The fifth annual Antique Days Festival will take place in Yazoo City on Saturday, featuring many vendors and craftsmen who specialize in making goods by hand, just like in the old days.
One exciting exhibit coming to Antique Days this year is the African-American Quilt Show, which will display handmade quilts by locally talented African-American seamstresses such as Otesia Harper, as well as other artists around Mississippi and out of state.
At 92-years-old, Otesia Harper has made a name for herself by expressing her creativity through a needle and thread. Mrs. Harper's work is displayed in Yazoo City at Ricks Memorial Library and inside the Sam B. Olden Museum on the second floor of the Triangle Cultural Center. One of her greatest achievements is to have a Coca-Cola quilt displayed at the Smithsonian Museum in Washington D.C.
Some of Mrs. Harper's quilts feature colorful African American designs, while others were created from ideas she got from magazines. She has even created special ordered quilts for people from as far as New York and Pennsylvania.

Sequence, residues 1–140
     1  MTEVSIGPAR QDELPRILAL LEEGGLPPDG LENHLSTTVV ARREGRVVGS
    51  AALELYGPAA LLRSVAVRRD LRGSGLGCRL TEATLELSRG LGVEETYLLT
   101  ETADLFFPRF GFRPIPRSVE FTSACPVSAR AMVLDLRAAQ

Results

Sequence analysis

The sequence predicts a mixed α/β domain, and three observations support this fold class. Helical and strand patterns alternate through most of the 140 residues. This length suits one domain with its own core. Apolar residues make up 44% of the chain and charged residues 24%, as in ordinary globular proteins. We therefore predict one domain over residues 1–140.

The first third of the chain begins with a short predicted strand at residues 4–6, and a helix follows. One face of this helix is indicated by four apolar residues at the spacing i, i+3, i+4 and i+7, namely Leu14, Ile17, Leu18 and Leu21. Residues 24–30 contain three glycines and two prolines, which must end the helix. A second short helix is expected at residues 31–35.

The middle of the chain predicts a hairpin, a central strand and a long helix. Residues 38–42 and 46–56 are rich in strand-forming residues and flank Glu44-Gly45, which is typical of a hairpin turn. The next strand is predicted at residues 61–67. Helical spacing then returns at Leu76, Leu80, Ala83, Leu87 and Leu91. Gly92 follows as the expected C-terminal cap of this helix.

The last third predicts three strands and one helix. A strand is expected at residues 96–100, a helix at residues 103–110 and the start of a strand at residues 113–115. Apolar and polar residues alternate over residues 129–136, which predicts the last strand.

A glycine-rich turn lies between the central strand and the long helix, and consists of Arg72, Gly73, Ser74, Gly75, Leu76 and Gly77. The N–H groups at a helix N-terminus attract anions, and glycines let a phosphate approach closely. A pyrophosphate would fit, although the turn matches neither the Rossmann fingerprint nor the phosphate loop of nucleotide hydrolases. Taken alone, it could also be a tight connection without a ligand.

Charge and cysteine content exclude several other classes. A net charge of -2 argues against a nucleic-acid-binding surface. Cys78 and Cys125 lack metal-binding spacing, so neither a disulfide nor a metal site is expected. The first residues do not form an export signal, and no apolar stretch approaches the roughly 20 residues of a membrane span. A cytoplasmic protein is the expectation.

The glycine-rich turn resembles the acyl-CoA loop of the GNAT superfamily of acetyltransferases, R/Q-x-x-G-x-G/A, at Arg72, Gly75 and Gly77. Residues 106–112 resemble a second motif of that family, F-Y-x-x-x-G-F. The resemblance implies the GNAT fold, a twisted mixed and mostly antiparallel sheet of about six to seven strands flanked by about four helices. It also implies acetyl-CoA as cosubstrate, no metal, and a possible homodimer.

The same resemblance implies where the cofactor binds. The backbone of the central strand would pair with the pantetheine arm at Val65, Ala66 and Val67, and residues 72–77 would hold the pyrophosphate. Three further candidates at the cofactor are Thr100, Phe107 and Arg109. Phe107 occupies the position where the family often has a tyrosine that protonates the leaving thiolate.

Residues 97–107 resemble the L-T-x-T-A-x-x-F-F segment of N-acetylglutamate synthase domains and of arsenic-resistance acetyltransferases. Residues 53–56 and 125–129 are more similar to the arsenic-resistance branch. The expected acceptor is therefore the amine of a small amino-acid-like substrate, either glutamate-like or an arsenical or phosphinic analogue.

In an Interview with Life in the Delta Magazine, Otesia mentioned that she doesn't quilt much anymore. Instead, she enjoys the memories revolving around the countless quilts she made over the last 80 years, and the few remaining masterpieces she keeps with her at home.
The African American Quilt Show will be open from 9 a.m. until 2 p.m., on Saturday, October 21, inside the newly air-conditioned Triangle Cultural Center. Admission for the event is $2.00 per person. Proceeds from the event will go to sponsor the programs held inside the Triangle, including the school of dance, elementary art classes, piano classes, a drama club, and museum tours on the second floor of the building.
While the quilt show will exhibit many hand-made quilts by local artists, there will also be other quilts for sale to the public.
Phyllis Haynes, organizer of the Antique Days Festival, said that local events like this are a great way to showcase the work that these African American ladies have accomplished, since many of them go unrecognized in larger quilt shows around the country.
"I've had calls thanking me for doing this because there are no other Quilt Shows like this in the State of Mississippi," said Haynes.
Haynes also mentioned that shows like this might inspire younger generations to dig deeper into their heritage and explore what their ancestors did many years ago.